Schistosomiasis is a neglected tropical disease caused by parasitic flatworms. Globally, 250 million people are infected and almost 800 million people are at risk. For high-risk groups, the World Health Organization (WHO) recommends mass treatment with the drug praziquantel. Depending on the prevalence of the disease, the WHO guidelines recommend different preventive chemotherapy approaches. For example, when prevalence of schistosomiasis is above 50% in a certain setting, all school-aged children should be treated once a year with preventive chemotherapy. In areas of such high prevalence, also adults considered at risk (e.g. fishermen) should be treated.
The prevalence thresholds have been defined for prevalence measured by microscopy using the Kato-Katz technique. Kato-Katz measures the number of Schistosoma mansoni eggs in the stool and thus may not necessarily detect schistosomiasis when there are only a few parasitic worms in the body. The new point-of-care circulating cathodic antigen (POC-CCA) urine test looks at the antigens instead of the number of eggs and can therefore detect even light infections.
New prevalence thresholds recommended
Given the availability of the new diagnostic test, Swiss TPH was mandated by WHO to translate the Kato-Katz thresholds to POC-CCA thresholds. "To relate the two tests, we developed a modelling approach using large data sets and taking into account the diagnostic errors of Kato-Katz and POC-CCA," said Penelope Vounatsou, Head of the Biostatistics Unit at Swiss TPH.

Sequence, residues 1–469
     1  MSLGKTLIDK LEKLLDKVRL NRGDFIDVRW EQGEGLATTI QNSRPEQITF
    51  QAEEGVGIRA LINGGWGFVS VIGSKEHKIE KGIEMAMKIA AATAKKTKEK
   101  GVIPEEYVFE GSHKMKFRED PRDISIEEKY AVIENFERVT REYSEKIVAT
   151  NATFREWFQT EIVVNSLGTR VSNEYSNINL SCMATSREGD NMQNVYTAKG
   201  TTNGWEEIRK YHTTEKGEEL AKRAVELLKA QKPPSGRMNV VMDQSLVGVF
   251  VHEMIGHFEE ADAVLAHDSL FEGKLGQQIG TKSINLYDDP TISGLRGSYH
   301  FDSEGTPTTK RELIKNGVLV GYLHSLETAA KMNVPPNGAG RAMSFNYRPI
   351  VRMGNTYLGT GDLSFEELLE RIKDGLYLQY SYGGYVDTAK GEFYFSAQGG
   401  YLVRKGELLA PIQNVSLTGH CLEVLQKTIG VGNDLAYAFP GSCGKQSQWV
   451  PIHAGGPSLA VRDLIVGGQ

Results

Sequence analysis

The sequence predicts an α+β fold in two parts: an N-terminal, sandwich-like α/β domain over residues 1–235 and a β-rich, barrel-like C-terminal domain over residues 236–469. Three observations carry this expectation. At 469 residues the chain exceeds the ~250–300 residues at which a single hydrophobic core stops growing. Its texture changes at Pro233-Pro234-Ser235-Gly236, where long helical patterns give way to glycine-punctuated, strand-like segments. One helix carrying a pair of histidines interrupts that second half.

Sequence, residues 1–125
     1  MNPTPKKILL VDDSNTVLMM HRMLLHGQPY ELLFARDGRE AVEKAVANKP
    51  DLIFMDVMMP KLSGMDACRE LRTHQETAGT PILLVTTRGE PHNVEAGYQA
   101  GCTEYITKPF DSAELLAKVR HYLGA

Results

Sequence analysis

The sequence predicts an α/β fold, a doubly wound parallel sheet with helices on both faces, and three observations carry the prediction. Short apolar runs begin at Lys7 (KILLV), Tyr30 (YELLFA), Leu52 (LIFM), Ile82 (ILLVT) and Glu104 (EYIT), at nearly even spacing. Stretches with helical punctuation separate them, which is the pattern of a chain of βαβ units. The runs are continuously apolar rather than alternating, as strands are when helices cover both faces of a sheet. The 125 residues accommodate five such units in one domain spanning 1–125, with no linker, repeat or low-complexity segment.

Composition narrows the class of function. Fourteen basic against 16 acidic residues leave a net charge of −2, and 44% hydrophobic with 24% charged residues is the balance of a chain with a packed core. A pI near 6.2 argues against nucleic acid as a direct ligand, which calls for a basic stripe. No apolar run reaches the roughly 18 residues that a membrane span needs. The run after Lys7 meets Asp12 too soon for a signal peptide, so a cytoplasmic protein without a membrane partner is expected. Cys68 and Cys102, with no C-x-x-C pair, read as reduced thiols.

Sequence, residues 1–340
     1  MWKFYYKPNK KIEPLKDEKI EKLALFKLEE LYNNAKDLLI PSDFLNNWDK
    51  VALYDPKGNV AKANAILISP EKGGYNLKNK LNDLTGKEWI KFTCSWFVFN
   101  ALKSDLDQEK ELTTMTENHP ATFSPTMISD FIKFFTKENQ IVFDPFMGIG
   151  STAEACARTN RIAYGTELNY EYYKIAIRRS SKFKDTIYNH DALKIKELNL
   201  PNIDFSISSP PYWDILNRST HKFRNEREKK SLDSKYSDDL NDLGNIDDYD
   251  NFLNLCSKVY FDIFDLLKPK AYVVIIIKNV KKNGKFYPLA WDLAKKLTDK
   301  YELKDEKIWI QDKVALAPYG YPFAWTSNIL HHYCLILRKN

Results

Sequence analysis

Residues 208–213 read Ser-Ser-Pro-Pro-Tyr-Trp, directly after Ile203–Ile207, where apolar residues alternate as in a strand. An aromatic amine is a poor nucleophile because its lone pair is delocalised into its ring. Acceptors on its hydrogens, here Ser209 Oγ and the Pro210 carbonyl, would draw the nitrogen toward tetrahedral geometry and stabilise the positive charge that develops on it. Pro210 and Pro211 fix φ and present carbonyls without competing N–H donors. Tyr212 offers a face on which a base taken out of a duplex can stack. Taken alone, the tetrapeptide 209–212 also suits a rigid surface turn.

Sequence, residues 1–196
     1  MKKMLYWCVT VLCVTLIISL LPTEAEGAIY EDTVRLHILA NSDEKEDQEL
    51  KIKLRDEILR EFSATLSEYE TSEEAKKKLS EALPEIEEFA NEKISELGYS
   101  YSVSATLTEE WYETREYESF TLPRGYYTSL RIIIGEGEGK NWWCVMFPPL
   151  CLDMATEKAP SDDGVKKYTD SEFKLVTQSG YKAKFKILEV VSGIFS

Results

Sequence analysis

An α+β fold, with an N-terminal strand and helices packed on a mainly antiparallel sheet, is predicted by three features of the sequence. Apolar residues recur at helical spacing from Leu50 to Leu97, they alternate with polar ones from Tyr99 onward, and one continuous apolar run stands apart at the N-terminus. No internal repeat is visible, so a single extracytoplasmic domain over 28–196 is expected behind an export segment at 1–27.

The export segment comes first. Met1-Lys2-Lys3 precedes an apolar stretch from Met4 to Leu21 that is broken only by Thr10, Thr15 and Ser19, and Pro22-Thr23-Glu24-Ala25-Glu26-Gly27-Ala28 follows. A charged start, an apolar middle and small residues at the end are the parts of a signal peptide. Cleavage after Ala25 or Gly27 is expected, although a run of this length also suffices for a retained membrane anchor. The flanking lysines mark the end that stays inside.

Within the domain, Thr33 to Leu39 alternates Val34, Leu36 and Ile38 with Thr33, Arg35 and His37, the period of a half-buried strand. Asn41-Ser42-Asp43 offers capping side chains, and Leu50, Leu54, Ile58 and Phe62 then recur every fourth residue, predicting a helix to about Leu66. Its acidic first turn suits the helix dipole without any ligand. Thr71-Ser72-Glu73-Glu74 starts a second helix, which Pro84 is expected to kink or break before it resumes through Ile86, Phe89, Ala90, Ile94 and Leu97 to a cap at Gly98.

The 50% threshold for duplicate Kato-Katz translates for example to a 60% threshold for POC-CCA. The 10% threshold for Kato-Katz translates to a 30% threshold for POC-CCA. "Given our findings, one might recommend to use POC-CCA in settings of low prevalence which are close to elimination," said Vounatsou. The results and suggested thresholds were published today in the open-access journal PLoS Neglected Tropical Diseases.
"The findings of this elegant modelling work have direct implications for mapping, control and surveillance of schistosomiasis," said Jürg Utzinger, Director of Swiss TPH. "We look forward to continuing the close collaboration with WHO and other partners in designing the best possible approaches to fight parasitic worms globally."
Centre of expertise in parasitic worm infections
Swiss TPH is active in a broad range of activities related to research and control of parasitic worm infections. The work comprises basic research, drug discovery and clinical trials, evaluation of new diagnostic tools, modelling and mapping of risk areas and burden of disease estimates, support of countries in building their control and elimination programmes as well as teaching and training both in Switzerland and in endemic areas. Swiss TPH is a WHO Collaborating Centre for Epidemiology and Control of Helminth Infections.
About the publication
The study was conducted by Swiss TPH in collaboration with the Department of Control of Neglected Tropical Diseases at WHO, the University of Georgia, the Schistosomiasis Control Initiative and other scientists in Europe and Africa. The research was partially funded by a European Research Council (ERC) Advanced Grant.
Bärenbold O. et al. (2018) Translating preventive chemotherapy prevalence thresholds for Schistosoma mansoni from the Kato-Katz technique into the point-of-care circulating cathodic antigen diagnostic test. PLOS Negl Trop Dis. DOI: 10.1371/journal.pntd.0006941